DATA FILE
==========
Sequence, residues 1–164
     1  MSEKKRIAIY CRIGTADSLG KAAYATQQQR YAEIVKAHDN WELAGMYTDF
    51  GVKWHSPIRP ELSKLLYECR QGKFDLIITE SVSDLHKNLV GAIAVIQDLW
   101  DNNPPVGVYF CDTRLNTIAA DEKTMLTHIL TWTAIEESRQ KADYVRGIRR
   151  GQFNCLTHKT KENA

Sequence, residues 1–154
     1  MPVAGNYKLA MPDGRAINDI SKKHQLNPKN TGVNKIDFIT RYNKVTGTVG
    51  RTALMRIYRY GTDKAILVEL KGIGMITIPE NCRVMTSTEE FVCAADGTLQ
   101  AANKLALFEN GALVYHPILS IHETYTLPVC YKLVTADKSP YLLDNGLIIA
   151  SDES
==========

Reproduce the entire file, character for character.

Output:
Sequence, residues 1–164
     1  MSEKKRIAIY CRIGTADSLG KAAYATQQQR YAEIVKAHDN WELAGMYTDF
    51  GVKWHSPIRP ELSKLLYECR QGKFDLIITE SVSDLHKNLV GAIAVIQDLW
   101  DNNPPVGVYF CDTRLNTIAA DEKTMLTHIL TWTAIEESRQ KADYVRGIRR
   151  GQFNCLTHKT KENA

Sequence, residues 1–154
     1  MPVAGNYKLA MPDGRAINDI SKKHQLNPKN TGVNKIDFIT RYNKVTGTVG
    51  RTALMRIYRY GTDKAILVEL KGIGMITIPE NCRVMTSTEE FVCAADGTLQ
   101  AANKLALFEN GALVYHPILS IHETYTLPVC YKLVTADKSP YLLDNGLIIA
   151  SDES